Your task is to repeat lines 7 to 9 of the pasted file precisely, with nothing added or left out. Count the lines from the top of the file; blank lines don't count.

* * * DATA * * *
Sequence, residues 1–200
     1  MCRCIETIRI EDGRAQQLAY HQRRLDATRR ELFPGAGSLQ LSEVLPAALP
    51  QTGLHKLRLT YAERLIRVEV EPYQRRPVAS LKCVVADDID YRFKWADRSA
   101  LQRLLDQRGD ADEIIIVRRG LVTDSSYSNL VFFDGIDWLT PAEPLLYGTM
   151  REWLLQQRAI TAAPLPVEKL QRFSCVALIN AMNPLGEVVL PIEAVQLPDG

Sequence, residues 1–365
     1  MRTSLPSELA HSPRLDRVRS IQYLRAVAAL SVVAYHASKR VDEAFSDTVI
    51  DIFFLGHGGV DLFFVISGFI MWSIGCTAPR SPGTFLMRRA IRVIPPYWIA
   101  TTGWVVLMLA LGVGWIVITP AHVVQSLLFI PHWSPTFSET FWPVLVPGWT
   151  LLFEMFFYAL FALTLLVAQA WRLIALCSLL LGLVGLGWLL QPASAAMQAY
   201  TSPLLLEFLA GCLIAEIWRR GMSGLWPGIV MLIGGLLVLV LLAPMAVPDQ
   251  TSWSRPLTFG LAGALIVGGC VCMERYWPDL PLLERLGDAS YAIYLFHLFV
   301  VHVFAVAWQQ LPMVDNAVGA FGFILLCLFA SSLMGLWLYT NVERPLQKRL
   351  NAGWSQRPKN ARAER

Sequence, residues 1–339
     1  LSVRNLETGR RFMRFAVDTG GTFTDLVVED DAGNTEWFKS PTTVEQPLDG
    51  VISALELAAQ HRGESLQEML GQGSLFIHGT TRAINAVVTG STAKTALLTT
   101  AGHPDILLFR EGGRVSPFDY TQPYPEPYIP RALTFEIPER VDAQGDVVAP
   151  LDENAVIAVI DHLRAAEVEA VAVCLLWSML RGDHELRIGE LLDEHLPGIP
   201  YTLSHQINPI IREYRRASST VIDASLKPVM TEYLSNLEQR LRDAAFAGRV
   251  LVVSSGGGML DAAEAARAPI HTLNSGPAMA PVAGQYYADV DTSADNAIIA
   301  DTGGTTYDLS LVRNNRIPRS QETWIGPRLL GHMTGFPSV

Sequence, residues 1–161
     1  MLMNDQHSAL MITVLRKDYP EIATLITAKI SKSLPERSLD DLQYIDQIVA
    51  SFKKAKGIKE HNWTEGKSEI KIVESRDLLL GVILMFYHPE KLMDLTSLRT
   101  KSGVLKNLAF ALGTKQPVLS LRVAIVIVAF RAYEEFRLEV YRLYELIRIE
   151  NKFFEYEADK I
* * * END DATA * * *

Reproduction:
     1  MRTSLPSELA HSPRLDRVRS IQYLRAVAAL SVVAYHASKR VDEAFSDTVI
    51  DIFFLGHGGV DLFFVISGFI MWSIGCTAPR SPGTFLMRRA IRVIPPYWIA
   101  TTGWVVLMLA LGVGWIVITP AHVVQSLLFI PHWSPTFSET FWPVLVPGWT